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Why do these liberals keep trying to revive this dead horse? The entire global warming scare is a hoax. This hoax was created to be able to levy another tax or taxes on people in order to bring us into some new liberal world order. I saw an interview on a French television program several months ago of some half baked President of some African country and he was already looking forward to receiving his cut of the spoils from the "developed nations" to compensate him for the damage caused to his country by global warming.

Global warming does not exist, even in the minds of global warming alarmists, without the prospect of additional taxes. Taxes are to global warming as fusion is to a star.

Posted by: tmonahan54 | August 5, 2010 7:05 PM
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"isn't this what leaders are supposed to do? Aren't they supposed to stand up for what is right no matter the consequences? "

They are our elected representatives, and they are supposed to follow the will of the people bounded by the constitution.

The idea that the people we elect have special knowledge that makes them better than the average person is a particular conceit of progressives. It's obnoxious and wrong.

Posted by: Ombudsman1 | August 5, 2010 6:53 PM
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I haven't bothered to read this dame's scribblings but those interested in finding out how all this global climate change talk and scam began need to read,online,the current 'Weekly Standard'.

Posted by: sperrico | August 5, 2010 3:43 PM
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It just blows my mind how intelligent people in academia are actually buying this entire lie about carbon and climate change. Its about control and taking away personal freedom... there are excellent reasons for using less carbon based fuel/oil - i.e., stop funding terrorism by buying oil from Saudi - but the Greenies don't want us to use natural gas or coal, they want us to quit driving, ride bikes, and live packed like rats in high rises and political correctness rather than build nuke plants, use our gas and coal, and tell the climate change lobby just where to stick it.

Posted by: doublesecretrotation | August 5, 2010 3:29 PM
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Unfortunately our good ole USA is not a very progressive country, especially with respect to climate and energy. Somehow the naysayers have won the PR battle in that climate protection will cost jobs and raise the price of gasoline, which I believe the former is untrue (new technology = more jobs) but the latter likely is (we must stop subsidizing gasoline). We like cheap gas so we can drive SUVs. I also believe Big Oil has a lobby stranglehold on Congress and is making it very difficult to implement climate policies. We should be investing heavily in new energy technologies NOW, but we drag our feet. I am afraid if any politician was brave enough to forge ahead with energy he/she would be railed by the Tea Party, Palin and similar groups that specialize in distortion but seem to have the public's ear nonetheless. The mood seems to be drill baby drill and burn baby burn at all costs. It will take a major climate catastrophe to get the majority of Americans to wake up to climate change. It's coming, but unfortunately it's not likely to hit the fan until our children become middle aged.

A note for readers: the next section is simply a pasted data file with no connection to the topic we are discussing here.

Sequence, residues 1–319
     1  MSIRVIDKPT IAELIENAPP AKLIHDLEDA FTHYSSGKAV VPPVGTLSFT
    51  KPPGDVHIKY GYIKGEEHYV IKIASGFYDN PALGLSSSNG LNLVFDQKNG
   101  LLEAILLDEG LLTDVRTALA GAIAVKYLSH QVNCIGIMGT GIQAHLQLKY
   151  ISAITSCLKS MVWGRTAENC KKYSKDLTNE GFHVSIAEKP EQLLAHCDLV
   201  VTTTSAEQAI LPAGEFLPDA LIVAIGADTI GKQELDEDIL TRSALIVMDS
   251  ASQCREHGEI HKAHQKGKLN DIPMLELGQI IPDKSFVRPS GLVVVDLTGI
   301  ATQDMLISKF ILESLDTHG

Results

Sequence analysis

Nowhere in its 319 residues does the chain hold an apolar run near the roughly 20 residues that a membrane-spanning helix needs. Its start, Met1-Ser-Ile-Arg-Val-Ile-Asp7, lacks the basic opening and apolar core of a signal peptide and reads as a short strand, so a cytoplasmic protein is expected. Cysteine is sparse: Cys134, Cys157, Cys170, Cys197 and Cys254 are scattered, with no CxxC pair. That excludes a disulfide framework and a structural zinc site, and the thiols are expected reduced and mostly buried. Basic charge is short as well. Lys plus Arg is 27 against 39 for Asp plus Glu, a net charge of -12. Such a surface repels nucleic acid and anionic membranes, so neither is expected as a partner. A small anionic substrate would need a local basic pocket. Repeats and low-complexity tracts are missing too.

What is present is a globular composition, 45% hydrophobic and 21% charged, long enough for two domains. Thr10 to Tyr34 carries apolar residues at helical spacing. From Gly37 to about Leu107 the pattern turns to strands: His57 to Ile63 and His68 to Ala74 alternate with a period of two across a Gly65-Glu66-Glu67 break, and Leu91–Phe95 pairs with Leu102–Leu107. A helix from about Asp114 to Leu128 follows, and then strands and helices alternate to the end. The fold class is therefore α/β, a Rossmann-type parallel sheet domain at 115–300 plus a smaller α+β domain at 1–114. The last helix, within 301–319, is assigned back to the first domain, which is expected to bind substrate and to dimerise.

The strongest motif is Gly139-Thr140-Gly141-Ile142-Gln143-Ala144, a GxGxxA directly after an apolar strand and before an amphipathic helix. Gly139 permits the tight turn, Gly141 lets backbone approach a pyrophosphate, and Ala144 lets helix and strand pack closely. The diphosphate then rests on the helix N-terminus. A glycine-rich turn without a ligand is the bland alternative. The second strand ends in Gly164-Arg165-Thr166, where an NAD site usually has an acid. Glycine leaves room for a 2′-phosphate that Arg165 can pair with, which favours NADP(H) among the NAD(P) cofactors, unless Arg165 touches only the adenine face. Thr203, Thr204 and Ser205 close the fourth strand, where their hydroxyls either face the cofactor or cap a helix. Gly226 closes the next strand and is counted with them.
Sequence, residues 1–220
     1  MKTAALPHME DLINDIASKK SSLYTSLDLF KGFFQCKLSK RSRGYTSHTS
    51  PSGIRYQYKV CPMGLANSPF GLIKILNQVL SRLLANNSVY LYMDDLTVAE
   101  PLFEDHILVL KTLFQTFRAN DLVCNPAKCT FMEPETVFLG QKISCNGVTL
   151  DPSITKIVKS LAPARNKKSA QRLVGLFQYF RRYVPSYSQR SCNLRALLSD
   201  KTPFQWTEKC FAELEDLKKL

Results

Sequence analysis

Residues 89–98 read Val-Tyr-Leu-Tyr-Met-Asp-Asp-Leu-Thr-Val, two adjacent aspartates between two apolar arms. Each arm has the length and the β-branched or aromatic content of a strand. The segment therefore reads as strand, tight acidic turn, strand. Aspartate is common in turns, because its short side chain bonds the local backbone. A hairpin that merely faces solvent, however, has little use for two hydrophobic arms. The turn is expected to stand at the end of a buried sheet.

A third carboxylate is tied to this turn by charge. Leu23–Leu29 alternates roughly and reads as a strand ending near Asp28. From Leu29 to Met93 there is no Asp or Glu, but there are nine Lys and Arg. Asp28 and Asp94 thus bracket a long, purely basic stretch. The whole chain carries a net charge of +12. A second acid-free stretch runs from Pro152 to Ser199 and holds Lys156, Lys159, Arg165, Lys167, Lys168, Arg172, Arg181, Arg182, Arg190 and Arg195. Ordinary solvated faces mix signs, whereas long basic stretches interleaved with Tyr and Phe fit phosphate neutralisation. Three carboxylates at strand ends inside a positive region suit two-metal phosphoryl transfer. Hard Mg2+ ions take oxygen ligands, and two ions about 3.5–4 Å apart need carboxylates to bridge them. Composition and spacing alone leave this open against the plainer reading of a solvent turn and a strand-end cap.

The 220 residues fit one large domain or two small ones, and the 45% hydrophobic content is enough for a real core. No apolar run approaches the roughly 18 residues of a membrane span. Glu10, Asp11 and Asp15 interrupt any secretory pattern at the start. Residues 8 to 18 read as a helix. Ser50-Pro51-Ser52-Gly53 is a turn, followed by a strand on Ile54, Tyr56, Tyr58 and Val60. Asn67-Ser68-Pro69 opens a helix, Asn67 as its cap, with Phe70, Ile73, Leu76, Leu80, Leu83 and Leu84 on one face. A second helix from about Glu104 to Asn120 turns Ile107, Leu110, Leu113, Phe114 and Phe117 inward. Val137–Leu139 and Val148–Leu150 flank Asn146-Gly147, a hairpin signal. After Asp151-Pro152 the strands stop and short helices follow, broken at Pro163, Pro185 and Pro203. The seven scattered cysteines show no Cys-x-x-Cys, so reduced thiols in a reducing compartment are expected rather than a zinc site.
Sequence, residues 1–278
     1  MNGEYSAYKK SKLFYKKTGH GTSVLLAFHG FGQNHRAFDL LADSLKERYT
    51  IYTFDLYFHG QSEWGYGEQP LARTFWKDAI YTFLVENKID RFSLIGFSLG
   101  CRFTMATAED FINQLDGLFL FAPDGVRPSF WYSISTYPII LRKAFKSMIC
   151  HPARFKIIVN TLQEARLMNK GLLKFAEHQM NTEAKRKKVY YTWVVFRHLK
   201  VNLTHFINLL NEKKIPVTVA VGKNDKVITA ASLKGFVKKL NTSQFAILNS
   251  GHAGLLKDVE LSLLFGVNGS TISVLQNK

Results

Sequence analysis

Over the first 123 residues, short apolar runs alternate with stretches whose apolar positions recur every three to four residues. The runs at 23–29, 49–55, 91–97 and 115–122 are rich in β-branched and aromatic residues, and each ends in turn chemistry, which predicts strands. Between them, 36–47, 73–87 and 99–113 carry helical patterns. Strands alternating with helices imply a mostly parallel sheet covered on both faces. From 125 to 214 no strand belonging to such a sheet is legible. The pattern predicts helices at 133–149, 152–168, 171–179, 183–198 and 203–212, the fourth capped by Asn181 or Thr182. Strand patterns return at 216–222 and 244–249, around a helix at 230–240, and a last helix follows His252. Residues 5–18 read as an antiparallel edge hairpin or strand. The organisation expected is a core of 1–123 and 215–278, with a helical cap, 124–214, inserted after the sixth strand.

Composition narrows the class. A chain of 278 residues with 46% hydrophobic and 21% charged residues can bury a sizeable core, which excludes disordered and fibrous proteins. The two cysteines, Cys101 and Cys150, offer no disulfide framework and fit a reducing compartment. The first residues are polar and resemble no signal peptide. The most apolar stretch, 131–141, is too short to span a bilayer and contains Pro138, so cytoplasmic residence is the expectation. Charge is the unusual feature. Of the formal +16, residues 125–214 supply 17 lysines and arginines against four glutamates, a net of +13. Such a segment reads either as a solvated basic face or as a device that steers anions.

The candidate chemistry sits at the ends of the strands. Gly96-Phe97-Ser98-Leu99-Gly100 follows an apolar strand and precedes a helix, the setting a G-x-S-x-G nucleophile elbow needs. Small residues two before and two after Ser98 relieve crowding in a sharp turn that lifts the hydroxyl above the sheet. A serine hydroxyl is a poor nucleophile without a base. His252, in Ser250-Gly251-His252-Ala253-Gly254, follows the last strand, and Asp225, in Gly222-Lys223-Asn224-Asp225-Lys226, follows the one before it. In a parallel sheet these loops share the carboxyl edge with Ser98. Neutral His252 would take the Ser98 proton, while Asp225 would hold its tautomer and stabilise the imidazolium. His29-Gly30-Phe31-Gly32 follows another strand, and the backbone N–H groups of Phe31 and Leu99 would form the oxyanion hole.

Posted by: citizen4truth1 | August 5, 2010 11:39 AM
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I think old Frank pretty well summed up Deborahs thoughts on this matter. In fact I think he made more sense then she did.

Posted by: dcochran1945 | August 5, 2010 10:39 AM
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i am thankful for i have met You, Professor. greetings to the CAptain and Crew and Staff and Personell of this LeaderShip. i am on board with Astronomy and Planetary Science!

Posted by: frankwithguest | August 5, 2010 6:05 AM
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i am sorry, is there any Mud-Blower, anybody Exhaling into Mud? what about Aphrodite in the Shell for a CLoth? why did the sons of Noah change his cloths, Professor? in the Solar System Maldek is now Asteroid Belt, which element is the Solar System today, Professor, in the periodic table?

Posted by: frankwithguest | August 5, 2010 6:02 AM
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Sirius, Arcturius, Orion, Pleiades, Sagittarius, Andromedea? where are the dough and mud from, Professor? who did establish CARBON life on EArth? is there any Dough-Blower, Dove-MAker, Horse-Whisperer, Professor?

which element does give how many electrons to be a CARBON in the periodic table, Professor, with how much amount of energy?

Posted by: frankwithguest | August 5, 2010 5:56 AM
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Professor, which civilization is CARBON from?

Posted by: frankwithguest | August 5, 2010 5:40 AM
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India? Africa?

Posted by: frankwithguest | August 5, 2010 5:38 AM
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horses dont eat the springs of the trees, horses are different than goats, and the bones of the cars are not from tree trunks, right? there are Nitrogen, Hydrogen and Oxygen, from Norway from Israel and from China, right? which civilization is Carbon from? Greece?

Posted by: frankwithguest | August 5, 2010 3:45 AM